Sigmund Freud, “Family Romances,” 1909

The freeing of an individual, as he grows up, from the authority of his parents is one of the most necessary though one of the most painful results brought about by the course of his development. It is quite essential that this liberation should occur and it may be presumed that it has been to some extent achieved by everyone who has reached a normal state. Indeed, the whole progress of society rests upon the opposition between successive generations. On the other hand, there is a class of neurotics whose condition is recognizably determined by their having failed in this task.

For a small child his parents are at first the only authority and the source of all belief. The child’s most intense and most momentous wish during these early years is to be like his parents (that is, the parent of his own sex) and to be big like his father and mother. But as intellectual growth increases, the child cannot help discovering by degrees the category to which his parents belong. He gets to know other parents and compares them with his own, and so comes to doubt the incomparable and unique quality which has he attributed to them. . . .

There are only too many occasions on which a child is slighted, or at least feels he has been slighted, on which he feels he is not receiving the whole of his parents’ love, and, most of all, on which he feels regrets at having to share it with his brothers and sisters. His sense that his own affection is not being fully reciprocated then finds a vent in the idea, which is often consciously recollected from early childhood, of being a step-child or an adopted child. . . .

The latter stage in the development of the neurotic’s estrangement from his parents, begun in this manner, might be described as “the neurotic's family romance.” It is seldom remembered consciously but can almost always be revealed by psycho-analysis. For a quite specific form of imaginative activity is one of the essential characteristics of neurotics and also of all comparatively highly gifted people. This activity emerges first in children’s play, and then, starting roughly from the period before puberty, takes over the topic of family relations. A characteristic example of this particular kind of phantasy is to be seen in the familiar day-dreams which persist far beyond puberty. . . .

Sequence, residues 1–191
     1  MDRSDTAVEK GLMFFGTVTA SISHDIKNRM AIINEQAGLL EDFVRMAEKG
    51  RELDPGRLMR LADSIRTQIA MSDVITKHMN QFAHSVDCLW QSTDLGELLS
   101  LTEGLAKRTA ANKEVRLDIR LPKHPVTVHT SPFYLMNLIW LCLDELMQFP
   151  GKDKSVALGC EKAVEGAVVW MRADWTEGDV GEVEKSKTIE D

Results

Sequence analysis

At about the period I have mentioned, then, the child’s imagination becomes engaged in the task of getting free from the parents of whom he now has such a low opinion and of replacing them by others, occupying, as a rule, a higher social station. . . .

If anyone is inclined to turn away in horror from this depravity of the childish heart or feels tempted, indeed, to dispute the possibility of such things, he should observe that these works of fiction, which seem so full of hostility, are none of them really so badly intended, and that they still preserve, under a slight disguise, the child’s original affection for his parents. The faithlessness and ingratitude are only apparent. . . .

Indeed the whole effort at replacing the real father by a superior one is only an expression of the child’s longing for the happy, vanished days when his father seemed to him the noblest and strongest of men and mother the dearest and loveliest of women. He is turning away from the father whom he knows to-day to the father in whom he believed in the earlier years of his childhood; and his phantasy is no more than the expression of a regret that those happy days have gone. . . .


Source: Sigmund Freud, Collected Papers 5, ed. James Strachey (New York: Basic Books, 1959), 74-78.

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